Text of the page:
Never say this again: "Well, I'm a Christian, so..."
There are a few reasons for this request. If you were to say, "Well, I'm a feminist, so I believe in equal rights for women," it might be okay, but even in this example you can see that it's redundant: you're just defining what a feminist is. You could just say "I believe in equal rights for women" and it would mean the same thing. Also, you don't believe in equal rights for women because you're a feminist, because you have this feminist label. You are called a feminist because you believe in equal rights for women. Similarly, when you say "Well, I'm a Christian, so..." you're mixing up cause and effect.
Unfortunately, you're not even being redundant if you say "Well, I'm a Christian." You're simply not communicating anything. Because the label Christian has no real meaning. You can hear that the word has no meaning when you listen to what comes out of different people's mouths after saying this phrase:
"Well, I'm a Christian, so I believe in the trinity."
"Well, I'm a Christian, so I don't approve of homosexuality."
"Well, I'm a Christian, so I am a member of the Republican party."
"Well, I'm a Christian, so I believe we need to do missionary work."
"Well, I'm a Christian, so I believe the Pope is infallible."
You couldn't get all Christians to believe in any one of those things. I'm not sure that an umbrella definition for Christian exists, and there certainly isn't a shared belief system, in spite of some apparent similarities. (The best you could say, and be universal, is "Well, I'm a Christian, so I have some belief having something to do with Christ." Maybe.) So when you use this phrase, what you're really saying is, "Well, my version of Christianity forces me to believe this..."
The word forces in the rephrase above is my next problem. Again, look at cause and effect. Do you (to pick one of the above examples) not approve of homosexuality because you're a Christian or do you not approve of homosexuality for some other reason? If it's the latter, then just state your reason. If it's the former, then really this isn't a "reason" at all. It has nothing to do with reason. It has only to do with a somewhat arbitrary definition that you think you are following. To go back to the feminist example, you might say that you believe in equal pay for men and women because it is fair (and you could go on to explain why it's fair), but you wouldn't say "because that's what I think feminists believe." You wouldn't say "Because I was raised feminist" and leave it at that (at least, you wouldn't have to leave it at that).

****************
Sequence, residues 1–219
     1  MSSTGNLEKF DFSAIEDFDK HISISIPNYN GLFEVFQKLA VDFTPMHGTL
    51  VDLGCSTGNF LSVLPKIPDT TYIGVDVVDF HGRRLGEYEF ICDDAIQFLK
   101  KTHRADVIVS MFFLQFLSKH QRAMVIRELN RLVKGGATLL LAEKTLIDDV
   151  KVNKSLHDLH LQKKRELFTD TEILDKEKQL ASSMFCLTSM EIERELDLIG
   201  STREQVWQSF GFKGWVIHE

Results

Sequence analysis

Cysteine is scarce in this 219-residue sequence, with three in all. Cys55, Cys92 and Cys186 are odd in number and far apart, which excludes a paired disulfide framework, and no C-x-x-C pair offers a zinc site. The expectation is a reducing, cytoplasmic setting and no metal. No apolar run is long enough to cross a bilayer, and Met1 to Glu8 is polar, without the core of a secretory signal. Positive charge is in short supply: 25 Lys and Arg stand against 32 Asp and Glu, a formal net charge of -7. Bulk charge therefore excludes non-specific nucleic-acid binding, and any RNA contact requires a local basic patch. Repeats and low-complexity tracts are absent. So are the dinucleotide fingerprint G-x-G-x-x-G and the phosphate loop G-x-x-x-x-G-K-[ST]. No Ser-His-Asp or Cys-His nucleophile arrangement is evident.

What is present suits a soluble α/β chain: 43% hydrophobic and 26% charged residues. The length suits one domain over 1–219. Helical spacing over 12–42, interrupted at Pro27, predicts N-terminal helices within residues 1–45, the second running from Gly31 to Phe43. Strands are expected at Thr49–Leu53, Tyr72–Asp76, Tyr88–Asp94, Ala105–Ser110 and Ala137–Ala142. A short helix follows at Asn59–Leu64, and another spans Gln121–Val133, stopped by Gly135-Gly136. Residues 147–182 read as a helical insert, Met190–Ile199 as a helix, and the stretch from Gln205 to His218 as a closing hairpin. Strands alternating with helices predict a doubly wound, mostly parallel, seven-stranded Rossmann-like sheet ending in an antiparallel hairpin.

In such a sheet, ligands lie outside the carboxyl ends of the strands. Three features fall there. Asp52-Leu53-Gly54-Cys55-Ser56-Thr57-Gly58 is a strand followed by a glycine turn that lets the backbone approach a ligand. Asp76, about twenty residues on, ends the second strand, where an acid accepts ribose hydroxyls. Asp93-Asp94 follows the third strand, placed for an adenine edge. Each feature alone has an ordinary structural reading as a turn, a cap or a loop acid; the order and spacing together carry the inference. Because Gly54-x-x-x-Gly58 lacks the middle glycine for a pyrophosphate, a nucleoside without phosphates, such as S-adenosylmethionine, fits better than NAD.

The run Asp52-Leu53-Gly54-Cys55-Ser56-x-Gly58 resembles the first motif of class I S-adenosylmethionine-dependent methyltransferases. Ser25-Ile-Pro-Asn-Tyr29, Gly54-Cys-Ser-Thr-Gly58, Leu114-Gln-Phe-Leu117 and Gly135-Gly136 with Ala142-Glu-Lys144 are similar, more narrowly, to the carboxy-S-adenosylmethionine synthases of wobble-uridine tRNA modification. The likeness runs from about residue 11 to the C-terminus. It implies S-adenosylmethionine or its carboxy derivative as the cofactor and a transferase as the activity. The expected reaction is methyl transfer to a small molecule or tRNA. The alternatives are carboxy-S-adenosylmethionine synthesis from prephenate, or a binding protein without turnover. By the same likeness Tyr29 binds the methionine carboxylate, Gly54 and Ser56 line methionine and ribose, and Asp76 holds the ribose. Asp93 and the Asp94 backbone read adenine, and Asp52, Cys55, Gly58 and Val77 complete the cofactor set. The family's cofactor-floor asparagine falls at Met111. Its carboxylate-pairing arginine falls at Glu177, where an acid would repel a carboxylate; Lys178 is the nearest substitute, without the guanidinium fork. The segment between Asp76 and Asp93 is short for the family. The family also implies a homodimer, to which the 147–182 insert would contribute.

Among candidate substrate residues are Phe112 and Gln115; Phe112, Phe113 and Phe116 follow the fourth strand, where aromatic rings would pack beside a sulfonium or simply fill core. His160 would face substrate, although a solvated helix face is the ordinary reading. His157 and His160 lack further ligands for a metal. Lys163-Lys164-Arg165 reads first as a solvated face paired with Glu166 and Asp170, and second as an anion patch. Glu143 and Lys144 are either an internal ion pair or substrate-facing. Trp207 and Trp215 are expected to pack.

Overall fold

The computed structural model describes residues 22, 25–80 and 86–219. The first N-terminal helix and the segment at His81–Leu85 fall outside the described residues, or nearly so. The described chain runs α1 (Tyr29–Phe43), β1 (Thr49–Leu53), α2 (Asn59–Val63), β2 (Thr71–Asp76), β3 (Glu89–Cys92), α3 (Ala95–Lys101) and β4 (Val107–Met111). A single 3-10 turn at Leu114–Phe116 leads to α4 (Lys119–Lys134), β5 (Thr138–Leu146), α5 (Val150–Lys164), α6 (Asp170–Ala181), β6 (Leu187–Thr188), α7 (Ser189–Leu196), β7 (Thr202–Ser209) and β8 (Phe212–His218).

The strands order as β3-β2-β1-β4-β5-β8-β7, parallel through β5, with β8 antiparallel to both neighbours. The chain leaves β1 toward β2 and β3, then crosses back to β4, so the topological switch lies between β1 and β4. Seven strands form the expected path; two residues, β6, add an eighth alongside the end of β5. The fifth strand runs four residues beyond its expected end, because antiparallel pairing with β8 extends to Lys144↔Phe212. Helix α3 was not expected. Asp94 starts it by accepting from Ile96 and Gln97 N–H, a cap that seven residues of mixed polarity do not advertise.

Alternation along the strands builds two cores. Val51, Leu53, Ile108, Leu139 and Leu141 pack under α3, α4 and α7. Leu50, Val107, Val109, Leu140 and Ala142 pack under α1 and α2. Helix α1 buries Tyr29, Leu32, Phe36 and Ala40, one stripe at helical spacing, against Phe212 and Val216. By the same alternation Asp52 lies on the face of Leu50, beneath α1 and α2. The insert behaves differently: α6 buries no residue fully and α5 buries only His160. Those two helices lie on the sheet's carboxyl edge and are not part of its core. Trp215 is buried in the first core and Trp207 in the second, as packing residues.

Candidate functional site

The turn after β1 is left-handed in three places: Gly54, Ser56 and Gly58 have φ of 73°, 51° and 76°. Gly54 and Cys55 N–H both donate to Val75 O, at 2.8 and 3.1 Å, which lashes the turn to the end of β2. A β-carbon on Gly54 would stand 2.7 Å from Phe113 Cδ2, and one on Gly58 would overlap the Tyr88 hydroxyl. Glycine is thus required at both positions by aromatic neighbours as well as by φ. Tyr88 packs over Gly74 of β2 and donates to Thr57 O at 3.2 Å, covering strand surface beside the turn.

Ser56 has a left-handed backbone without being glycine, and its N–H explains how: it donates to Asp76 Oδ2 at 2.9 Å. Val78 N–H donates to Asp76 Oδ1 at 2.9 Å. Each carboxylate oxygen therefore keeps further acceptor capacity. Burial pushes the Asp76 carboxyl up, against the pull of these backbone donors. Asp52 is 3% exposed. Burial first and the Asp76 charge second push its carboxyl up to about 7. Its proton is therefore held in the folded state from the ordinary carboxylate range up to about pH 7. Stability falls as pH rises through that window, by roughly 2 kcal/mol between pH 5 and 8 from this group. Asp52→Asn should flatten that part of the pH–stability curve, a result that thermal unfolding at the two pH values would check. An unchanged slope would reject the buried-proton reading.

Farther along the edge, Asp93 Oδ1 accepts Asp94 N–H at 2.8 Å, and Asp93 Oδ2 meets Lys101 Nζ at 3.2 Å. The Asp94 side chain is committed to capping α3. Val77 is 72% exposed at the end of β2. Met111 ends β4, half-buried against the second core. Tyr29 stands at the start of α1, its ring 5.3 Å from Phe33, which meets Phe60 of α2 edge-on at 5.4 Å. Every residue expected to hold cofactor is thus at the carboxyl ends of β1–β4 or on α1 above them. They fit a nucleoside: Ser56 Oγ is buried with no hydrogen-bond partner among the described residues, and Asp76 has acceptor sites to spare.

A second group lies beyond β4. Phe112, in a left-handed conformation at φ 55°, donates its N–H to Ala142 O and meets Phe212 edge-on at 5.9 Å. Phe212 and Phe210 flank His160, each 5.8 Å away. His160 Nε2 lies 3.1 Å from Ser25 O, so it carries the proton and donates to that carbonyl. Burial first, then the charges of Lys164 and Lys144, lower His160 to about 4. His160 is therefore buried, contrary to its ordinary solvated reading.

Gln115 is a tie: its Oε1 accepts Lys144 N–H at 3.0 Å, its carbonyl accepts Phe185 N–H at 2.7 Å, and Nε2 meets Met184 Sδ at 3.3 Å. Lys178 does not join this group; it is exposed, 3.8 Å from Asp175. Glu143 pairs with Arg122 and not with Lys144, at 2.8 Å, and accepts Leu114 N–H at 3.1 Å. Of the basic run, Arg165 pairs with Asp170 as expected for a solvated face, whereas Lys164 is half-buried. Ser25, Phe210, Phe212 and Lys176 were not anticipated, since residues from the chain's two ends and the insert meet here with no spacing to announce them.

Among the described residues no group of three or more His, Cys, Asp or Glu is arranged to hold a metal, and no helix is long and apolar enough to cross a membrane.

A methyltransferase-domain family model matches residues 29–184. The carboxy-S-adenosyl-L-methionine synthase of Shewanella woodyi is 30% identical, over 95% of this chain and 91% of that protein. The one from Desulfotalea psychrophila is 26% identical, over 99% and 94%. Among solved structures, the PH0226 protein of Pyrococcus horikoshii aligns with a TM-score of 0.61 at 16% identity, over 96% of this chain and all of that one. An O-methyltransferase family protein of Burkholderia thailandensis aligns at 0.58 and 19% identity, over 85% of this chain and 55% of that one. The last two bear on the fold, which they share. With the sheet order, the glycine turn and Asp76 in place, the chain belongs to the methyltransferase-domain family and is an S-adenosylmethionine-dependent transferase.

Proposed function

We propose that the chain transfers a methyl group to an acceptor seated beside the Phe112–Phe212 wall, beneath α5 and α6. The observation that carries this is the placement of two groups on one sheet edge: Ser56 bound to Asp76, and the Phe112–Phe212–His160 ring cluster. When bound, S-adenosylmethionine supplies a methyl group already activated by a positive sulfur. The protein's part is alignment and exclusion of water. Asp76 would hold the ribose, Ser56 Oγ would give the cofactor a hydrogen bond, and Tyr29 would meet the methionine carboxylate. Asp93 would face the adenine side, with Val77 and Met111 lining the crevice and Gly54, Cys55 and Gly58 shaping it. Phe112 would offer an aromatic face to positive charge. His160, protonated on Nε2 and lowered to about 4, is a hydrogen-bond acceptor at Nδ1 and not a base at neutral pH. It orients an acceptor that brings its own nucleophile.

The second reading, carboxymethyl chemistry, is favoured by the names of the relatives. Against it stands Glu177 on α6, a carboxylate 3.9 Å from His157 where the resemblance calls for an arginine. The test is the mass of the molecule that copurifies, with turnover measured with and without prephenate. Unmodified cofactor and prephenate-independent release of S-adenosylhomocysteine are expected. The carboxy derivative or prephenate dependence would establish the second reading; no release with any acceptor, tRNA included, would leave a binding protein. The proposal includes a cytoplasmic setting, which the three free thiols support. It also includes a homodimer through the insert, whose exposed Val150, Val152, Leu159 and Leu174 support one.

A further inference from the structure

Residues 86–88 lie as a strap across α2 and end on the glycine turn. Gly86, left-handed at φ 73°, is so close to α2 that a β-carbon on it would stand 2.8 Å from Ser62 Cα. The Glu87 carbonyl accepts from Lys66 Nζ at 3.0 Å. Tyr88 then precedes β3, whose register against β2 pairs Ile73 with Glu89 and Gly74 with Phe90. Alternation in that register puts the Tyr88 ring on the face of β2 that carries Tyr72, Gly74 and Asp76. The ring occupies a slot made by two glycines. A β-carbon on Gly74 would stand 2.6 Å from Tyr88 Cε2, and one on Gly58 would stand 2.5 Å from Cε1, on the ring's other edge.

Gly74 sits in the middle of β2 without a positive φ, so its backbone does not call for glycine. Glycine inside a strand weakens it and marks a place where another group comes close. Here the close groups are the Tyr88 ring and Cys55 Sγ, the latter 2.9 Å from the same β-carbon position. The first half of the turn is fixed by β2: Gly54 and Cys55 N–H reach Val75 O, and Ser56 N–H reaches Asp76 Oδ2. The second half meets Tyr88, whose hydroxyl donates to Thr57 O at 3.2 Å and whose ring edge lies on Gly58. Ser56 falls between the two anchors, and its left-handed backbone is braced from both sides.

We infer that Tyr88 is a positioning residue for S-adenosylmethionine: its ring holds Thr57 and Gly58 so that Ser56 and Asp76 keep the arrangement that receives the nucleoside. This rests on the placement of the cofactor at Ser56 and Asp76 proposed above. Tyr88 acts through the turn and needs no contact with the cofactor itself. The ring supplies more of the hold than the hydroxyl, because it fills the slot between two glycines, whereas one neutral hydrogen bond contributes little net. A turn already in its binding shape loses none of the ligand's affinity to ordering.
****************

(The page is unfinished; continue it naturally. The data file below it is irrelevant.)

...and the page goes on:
You can truly see the fruitlessness of the "I'm a Christian, so..." phrase when two Christians who use it talk to one another. Listen:
CHRISTIAN 1: Do you think abortion is wrong?
CHRISTIAN 2: Well, I'm a Christian, so yes.
CHRISTIAN 1: But I'm a Christian too, and I don't think abortion is wrong.
CHRISTIAN 2: Then you must not be a Christian.
CHRISTIAN 1: But I am, and that's what we believe.
Now listen to a Christian and a Non-Christian for another version of fruitless conversation:
NON-CHRISTIAN: Do you believe we should spank our kids?
CHRISTIAN: Well, I'm a Christian, so I don't believe we should.
NON-CHRISTIAN: What about "Spare the rod, spoil the child"? I thought that's what Christians believed.
CHRISTIAN: Maybe some do.
NON-CHRISTIAN: Personally, I think that children need a harsher form of discipline than "time out." Spankings seem to be more effective.
CHRISTIAN: Well, you say that because you're not a Christian.
Of course the Non-Christian in the above dialogue approves of spankings not because he's "not a Christian" but because he actually has a reason, and he's able to give it. The Christian in the above example, however, can't provide any real reason for himself, and -- what's worse -- he ignores the Non-Christian's actual argument, pointing instead to something that isn't a reason at all.
Just to clarify, I'm not saying that Christians individuals don't have real reasons for believing what they believe. Most do (or at least I hope they do). Most can provide arguments that don't simply fall back on the answer "because I'm a Christian." But whether real reasons exist or not, the phrase should go away. Then the real reasons can emerge from behind the clouds. And those people without real reasons, who rely on the phrase, might begin to actually think for themselves.